Monday, October 31, 2005

Defeating Alito

Look for an ally in Arlen Specter...

Problem

Why should Libby cooperate when he knows he's in line for a presidential pardon?

Friday, October 28, 2005

Just nailed.

An emailer to Andrew Sullivan brings a pleasing Law & Order vibe to his interpretation of Fitzgerald's legal strategy, but I catch a distinct whiff of plausibility as well. The letter really elucidates the indictment's case against Libby and the ways it implicates Rove and Cheney, and closes with these thoughts:
Fitz has a pretty strong case for the Espionage Act, and if Plame met the objective standards in the Intelligence Act, for that one too. And it seems like the fact that Libby lied repeatedly is very strong evidence of a culpable state of mind, belying any claim that he didn't "know" the info was classified or that divulging it was wrong. Add that to the very specific allegation in the indictment that he knew exactly where she worked, and there it is.

So why not charge it? Because Fitz has Libby nailed on the 5 counts from today's indictment. Just nailed. So he's bringing Libby in on those charges, they're going to talk some turkey, and Fitz is going to see if Libby will talk, maybe about VP, maybe about Official A (who's clearly Rove), or maybe about the VP's moles at State and in the CIA. Offer some carrots - maybe no jail - but if Libby refuses, then Fitz brings down the espionage or intelligence act charges. Libby has nowhere to go, and Fitz knows it. In my view, he's going to try to exploit that opening before wrapping this thing up.
Not crazy, right?

Sharks are apex predators

And now, some words on sharks from accomplished Australian spear-fisherman Rick Wolf.

Party of discipline

This is from a Republican emailer to The Corner:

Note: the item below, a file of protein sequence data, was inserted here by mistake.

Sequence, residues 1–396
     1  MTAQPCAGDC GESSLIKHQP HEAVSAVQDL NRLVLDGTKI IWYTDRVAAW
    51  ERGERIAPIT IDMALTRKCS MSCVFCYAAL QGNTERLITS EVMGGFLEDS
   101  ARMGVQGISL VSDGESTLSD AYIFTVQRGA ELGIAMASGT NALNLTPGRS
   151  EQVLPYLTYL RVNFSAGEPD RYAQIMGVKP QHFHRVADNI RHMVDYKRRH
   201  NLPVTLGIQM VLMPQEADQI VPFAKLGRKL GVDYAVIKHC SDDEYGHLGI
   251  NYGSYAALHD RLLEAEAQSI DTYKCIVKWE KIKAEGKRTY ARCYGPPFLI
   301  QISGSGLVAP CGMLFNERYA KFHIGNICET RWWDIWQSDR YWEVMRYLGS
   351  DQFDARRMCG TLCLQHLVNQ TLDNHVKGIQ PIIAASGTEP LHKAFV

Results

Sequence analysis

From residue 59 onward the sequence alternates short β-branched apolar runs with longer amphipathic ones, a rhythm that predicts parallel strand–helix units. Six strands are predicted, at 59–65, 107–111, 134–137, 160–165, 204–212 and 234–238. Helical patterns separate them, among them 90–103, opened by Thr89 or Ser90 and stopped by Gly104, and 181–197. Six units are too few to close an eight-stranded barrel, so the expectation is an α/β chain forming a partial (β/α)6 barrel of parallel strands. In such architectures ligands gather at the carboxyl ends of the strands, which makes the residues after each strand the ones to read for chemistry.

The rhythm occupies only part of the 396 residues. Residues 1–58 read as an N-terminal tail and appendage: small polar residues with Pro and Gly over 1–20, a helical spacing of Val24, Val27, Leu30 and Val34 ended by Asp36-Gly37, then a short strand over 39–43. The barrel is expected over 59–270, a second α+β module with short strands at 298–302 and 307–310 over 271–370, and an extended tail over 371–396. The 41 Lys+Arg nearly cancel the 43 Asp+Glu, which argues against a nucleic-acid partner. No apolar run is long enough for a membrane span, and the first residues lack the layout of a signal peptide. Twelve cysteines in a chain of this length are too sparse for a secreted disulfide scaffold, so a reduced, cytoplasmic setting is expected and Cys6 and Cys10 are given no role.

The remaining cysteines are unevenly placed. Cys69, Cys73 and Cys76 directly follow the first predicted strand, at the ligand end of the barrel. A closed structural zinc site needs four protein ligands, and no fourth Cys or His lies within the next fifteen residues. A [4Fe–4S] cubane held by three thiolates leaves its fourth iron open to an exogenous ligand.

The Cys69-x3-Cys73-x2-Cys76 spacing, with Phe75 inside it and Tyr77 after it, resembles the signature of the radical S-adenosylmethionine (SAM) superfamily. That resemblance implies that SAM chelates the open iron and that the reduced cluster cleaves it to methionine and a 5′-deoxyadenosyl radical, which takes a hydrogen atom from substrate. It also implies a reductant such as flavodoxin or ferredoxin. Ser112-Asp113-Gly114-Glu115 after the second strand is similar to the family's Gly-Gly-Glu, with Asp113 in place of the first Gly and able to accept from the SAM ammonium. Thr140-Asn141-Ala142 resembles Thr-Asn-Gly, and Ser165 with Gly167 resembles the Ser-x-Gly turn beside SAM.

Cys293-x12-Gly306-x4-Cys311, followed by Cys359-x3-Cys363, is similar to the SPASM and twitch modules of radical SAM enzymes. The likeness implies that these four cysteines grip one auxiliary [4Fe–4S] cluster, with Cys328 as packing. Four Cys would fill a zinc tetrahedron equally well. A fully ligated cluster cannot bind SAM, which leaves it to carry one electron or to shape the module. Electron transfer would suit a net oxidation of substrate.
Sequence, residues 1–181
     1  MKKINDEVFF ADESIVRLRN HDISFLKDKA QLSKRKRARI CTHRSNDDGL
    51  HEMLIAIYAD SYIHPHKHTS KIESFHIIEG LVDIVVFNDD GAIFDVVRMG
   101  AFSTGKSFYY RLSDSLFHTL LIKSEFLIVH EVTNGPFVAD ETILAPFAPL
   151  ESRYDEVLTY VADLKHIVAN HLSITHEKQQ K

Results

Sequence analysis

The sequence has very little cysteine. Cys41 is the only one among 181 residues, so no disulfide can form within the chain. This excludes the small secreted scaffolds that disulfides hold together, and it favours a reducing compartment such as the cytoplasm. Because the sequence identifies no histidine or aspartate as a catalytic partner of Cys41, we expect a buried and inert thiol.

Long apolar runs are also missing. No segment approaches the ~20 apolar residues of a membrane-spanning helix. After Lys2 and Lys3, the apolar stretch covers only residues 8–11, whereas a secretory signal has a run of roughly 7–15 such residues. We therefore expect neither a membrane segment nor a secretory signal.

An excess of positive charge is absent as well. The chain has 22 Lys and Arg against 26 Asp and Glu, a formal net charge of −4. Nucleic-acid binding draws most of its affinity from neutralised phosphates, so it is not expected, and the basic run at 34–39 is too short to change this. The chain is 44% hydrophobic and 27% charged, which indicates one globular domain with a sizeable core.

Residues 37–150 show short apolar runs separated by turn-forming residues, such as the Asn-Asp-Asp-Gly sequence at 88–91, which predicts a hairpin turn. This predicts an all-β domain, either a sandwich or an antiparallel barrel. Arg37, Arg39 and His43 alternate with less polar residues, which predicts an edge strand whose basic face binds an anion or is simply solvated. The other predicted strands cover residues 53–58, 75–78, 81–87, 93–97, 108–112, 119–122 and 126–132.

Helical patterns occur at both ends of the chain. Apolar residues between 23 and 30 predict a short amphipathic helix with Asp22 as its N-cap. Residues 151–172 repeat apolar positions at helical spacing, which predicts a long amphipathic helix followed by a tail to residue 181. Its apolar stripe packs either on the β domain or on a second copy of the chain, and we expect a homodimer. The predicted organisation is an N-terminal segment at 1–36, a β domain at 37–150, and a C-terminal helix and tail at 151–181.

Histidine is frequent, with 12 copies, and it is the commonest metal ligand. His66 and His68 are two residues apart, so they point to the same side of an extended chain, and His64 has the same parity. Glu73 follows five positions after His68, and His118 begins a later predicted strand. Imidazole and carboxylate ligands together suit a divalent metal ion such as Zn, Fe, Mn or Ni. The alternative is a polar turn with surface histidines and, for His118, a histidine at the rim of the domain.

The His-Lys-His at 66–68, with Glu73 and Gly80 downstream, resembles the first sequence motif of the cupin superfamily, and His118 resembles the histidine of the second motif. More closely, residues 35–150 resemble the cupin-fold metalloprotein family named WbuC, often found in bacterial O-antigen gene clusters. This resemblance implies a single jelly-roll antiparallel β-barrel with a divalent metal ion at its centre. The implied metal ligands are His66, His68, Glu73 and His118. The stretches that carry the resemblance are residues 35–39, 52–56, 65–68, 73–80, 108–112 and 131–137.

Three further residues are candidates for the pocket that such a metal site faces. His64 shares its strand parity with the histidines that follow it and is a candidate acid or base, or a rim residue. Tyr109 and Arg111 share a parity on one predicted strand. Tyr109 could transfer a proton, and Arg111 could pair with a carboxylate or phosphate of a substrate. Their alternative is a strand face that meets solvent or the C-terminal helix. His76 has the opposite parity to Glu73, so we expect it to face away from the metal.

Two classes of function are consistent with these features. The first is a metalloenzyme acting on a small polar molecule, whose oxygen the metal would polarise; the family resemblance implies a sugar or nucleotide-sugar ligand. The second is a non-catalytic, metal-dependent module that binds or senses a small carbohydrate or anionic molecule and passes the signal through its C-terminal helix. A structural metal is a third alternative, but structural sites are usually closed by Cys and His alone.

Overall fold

Party discipline matters. That's one area where Democrats have always outshone us.

When a Democratic president or other high party leader comes under fire, the Democrats have a tendency to circle the wagons.

Republicans, meanwhile, when their leaders come under fire, tend to form a circular firing squad.
Democrats: not a circular firing squad!
Scooter out, Rove still under investigation? Sounds okay to me. I have really been enjoying the handiwork of the under-investigation Rove lately.

Thursday, October 27, 2005

Bush's breakup with the right

Conservatives think they're the real winners here; meanwhile Harry Reid is pretending to be sad. See, the right wing now assumes that it will get the hard-right nominee it's always wanted. But I'm not so sure. This post from TNR's The Plank enumerates unanswered questions:
Why does George W. Bush understand her nomination to be a failure? Will he blame it on the media? Will he blame it on conservatives? Will he blame it on himself? I'm guessing it won't be the latter. ...These questions won't just determine whom he nominates to the bench next. They will determine his political strategy for the rest of his term. If he feels betrayed by conservatives, then he might find ways to screw them in the coming years.
While it is true that Miers could not have been sunk without the protests from the right, it does not follow that Bush's course forward is to nominate a hard-right candidate.

And even if he does go hard-right with his nominee, the Democrats' ability to knock a nominee back has just gotten better. Remember: approval ratings, midterm elections, filibuster.

If Karl Rove (politically) dies, his base strategy could die with him.

Now that Miers is out...

Bush's new shortlist for SCOTUS:

5.) Judge Ito
4.) Judge Judy
3.) Noelle Bush
2.) Laura Bush
1.) Oprah

Wednesday, October 26, 2005

No speaka the English, I only do the math

Here is the Senate Judiciary Committee. The committee has ten Republicans and eight Democrats. Here is a list of concerned souls from a helpful site called WithdrawMiers.org.

From WithdrawMiers, we can count three Republican senators on the committee (Brownback, Graham and Sessions) who have "expressed reservations" about Miers. Brownback, I have noted, has a particular political interest in opposing her. There are at least two other Republicans on the committee--Specter and DeWine--who are self-styled moderates with no good reason for supporting the White House on this nominee.

Take Specter. He emerged from his meeting with Miers with the announcement that she acknowledged a constitutional right to privacy, an announcement he was forced to retract when a panicky White House informed him that she acknowledged no such thing. This was a face-losing political spanking for Specter, and he told reporters that he will bring up the subject in the hearings. ("My recollection of our meeting differs from what Ms. Miers's recollection is," Specter said, "...I am going to go over it with her.") Think he's an assured vote? Me neither.